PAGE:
October 6, 2012

Review of The Faerie Ring (The Faerie Ring #1) by Kiki Hamilton


Debut novelist Kiki Hamilton takes readers from the gritty slums and glittering ballrooms of Victorian London to the beguiling but menacing Otherworld of the Fey in this spellbinding tale of romance, suspense, and danger.

The year is 1871, and Tiki has been making a home for herself and her family of orphans in a deserted hideaway adjoining Charing Cross Station in central London. Their only means of survival is by picking pockets. One December night, Tiki steals a ring, and sets off a chain of events that could lead to all-out war with the Fey. For the ring belongs to Queen Victoria, and it binds the rulers of England and the realm of Faerie to peace. With the ring missing, a rebel group of faeries hopes to break the treaty with dark magic and blood—Tiki’s blood.

Unbeknownst to Tiki, she is being watched—and protected—by Rieker, a fellow thief who suspects she is involved in the disappearance of the ring. Rieker has secrets of his own, and Tiki is not all that she appears to be. Her very existence haunts Prince Leopold, the Queen’s son, who is driven to know more about the mysterious mark that encircles her wrist.

Prince, pauper, and thief—all must work together to secure the treaty…

The Faerie Ring (The Faerie Ring #1) by Kiki Hamilton
Publication Date:  September 27, 2011
Publisher:  Tor Teen / Macmillan
[youtube_sc url=”″ autohide=”1″ hd=”1″]

If there is one genre that I can only get into if written properly it is the fairy genre. Hopefully my fellow readers understand what I mean when I say that since I find that there are only certain authors who can write about fairies in general and not make it sound clichéd, over-used and downright silly. All of what I just said is not the case in The Faerie Ring by author Kiki Hamilton.

The novel holds an original plot, exciting characters and a glimpse into England during the eighteen hundreds. Right off the bat, the novel begins with an interesting premise where we are introduced to main character Tiki and her rival(?) Reiker who comes off as a cryptic and straight up attractive character who obviously plays a role in the future of the novel. Tiki is a thief and a pick-pocket and after stealing food from the Queen of England’s kitchen she comes across the Queen’s sons speaking about a magnificent ring.

After the princes hide the ring to observe it in the future, Tiki steals it and quickly discovers that she has done a lot more than just steal a ring from the Queen of England: She has stolen a ring that keeps the peace between the fey and human worlds and now that the ring has gone missing the fey will stop at nothing to keep the ring in their possession so that they can attack (and eventually overcome) the human world. So it shouldn’t be a surprise when Tiki is followed by two of the fey who plan on doing any means necessary to get her to hand over the ring because of this, we are set on a fast paced journey with Tiki as readers wonder if she will protect the human world she has grown up in or will risk everything to save somebody dearest to her.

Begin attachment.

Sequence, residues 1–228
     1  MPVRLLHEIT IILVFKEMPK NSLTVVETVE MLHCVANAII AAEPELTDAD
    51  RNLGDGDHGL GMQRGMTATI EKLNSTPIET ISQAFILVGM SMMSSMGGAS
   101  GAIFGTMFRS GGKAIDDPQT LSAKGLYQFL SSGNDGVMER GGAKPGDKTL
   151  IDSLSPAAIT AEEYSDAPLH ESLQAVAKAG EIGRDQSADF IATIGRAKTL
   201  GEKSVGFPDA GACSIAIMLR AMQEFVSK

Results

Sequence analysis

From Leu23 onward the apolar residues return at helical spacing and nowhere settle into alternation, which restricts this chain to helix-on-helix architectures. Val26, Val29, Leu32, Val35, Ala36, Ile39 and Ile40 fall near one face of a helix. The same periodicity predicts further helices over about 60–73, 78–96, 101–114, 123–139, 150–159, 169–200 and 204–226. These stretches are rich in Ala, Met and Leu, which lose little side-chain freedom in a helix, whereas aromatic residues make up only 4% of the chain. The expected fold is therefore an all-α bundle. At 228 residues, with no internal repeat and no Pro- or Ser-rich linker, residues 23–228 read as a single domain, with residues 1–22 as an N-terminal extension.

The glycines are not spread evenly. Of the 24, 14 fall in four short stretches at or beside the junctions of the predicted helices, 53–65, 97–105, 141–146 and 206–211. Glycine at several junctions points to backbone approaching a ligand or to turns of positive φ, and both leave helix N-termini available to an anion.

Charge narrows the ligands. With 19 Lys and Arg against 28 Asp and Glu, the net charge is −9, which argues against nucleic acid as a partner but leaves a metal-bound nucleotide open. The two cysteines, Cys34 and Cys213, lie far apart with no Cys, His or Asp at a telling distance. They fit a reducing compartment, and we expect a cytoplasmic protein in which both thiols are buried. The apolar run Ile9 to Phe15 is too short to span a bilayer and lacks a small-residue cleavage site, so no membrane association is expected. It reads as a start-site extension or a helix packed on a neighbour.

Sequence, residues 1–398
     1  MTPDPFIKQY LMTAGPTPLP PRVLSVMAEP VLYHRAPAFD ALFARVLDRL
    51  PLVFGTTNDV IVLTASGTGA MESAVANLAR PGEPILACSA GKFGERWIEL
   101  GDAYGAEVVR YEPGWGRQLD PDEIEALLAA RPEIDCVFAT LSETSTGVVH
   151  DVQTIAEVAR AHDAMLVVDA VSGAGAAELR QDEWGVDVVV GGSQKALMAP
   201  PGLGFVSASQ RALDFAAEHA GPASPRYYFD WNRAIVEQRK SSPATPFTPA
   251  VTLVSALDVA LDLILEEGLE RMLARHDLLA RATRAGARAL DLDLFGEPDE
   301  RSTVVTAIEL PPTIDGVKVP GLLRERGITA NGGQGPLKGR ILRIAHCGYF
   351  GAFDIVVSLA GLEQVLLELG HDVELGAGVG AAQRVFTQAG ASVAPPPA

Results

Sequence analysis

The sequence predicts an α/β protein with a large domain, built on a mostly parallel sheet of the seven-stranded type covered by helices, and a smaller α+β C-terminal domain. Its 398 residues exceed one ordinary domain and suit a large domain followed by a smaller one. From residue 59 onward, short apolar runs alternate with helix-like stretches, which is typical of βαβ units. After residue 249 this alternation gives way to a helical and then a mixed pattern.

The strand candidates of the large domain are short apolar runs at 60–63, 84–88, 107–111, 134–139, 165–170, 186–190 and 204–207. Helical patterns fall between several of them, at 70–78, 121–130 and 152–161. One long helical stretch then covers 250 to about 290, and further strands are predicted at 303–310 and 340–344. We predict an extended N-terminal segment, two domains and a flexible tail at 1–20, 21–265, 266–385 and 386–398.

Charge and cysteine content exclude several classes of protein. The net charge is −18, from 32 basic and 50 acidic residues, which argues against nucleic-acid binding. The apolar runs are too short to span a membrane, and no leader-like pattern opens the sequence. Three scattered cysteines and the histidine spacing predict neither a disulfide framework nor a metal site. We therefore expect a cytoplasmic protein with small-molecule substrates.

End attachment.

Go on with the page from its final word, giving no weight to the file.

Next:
I loved the character Tiki, mainly because she’s described as being this beautiful creature when she cleans herself up and attends a ball in Buckingham palace. But what I enjoyed most about Tiki, wasn’t her beauty it was her personality. It’s pretty common in YA where you have characters who will put the fate of the world before the needs of those around them (oh those hero types!). Tiki is constantly conflicted throughout the story and thankfully she does not whine about it.

With the world of the fey being included in the novel, I expected it to remind me a lot of author Holly Black’s works and for it to be similar when it comes to how the fey act. I’ll admit that I enjoyed the faeries not being so human, that they are more psychotic, more pathological and honestly just more insane. We get faeries who, when they remove their glamour, are monsters from your worst nightmares with a weakness for iron.  I loved how Kiki Hamilton made the concept of faeries unique, they definitely stand out.

However I will admit that my one major problem with the novel was the pacing, I would find myself reaching a climatic point early on in the novel and suddenly find the novel lacking and lacking until finally my attention was just lost. There were mini-climax points, but even then they weren’t as exciting as they were expected to be mainly because I had predicted them early on and beforehand.

I would recommend The Faerie Ring to fans of The Infernal Devices, faerie lore and readers who want a quick and original read.

About the Author:


Kiki Hamilton is the author of THE FAERIE RING fantasy series and a YA contemporary novel entitled THE LAST DANCE which will be released Spring 2013. She believes in magic and the idea of hidden worlds co-existing with our own. Kiki lives near Seattle, though she dreams of living in London one day.

Connect with Kiki:





Available for Purchase:


Barnes & Noble

The Book Depository


<a href=””><img src=”” border=”0″ alt=”Chapter by Chapter” /></a>

<a href=””><img src=”” border=”0″ alt=”Chapter by Chapter” /></a>


  1. Carmen B.

    I’ve wanted to read this one for about a year. Glad you enjoyed the world and characterization! I love me some insane fairies, haha ^^
    Pity you didn’t like the pacing so much. I’ll still give it a try because I don’t mainly read for plot/action so I hope I won’t be bothered by it…
    Great review!

  2. Chapter by Chapter

    It`s definitely worth the read!

  3. Karina

    I’ve seen different fairy books but I haven’t read any yet. Yeah,boo me. hehe!
    This seems interesting with the setting and characters. I’ll probably give this a try. Thanks for the review!

Leave a comment

Your comments make us smile!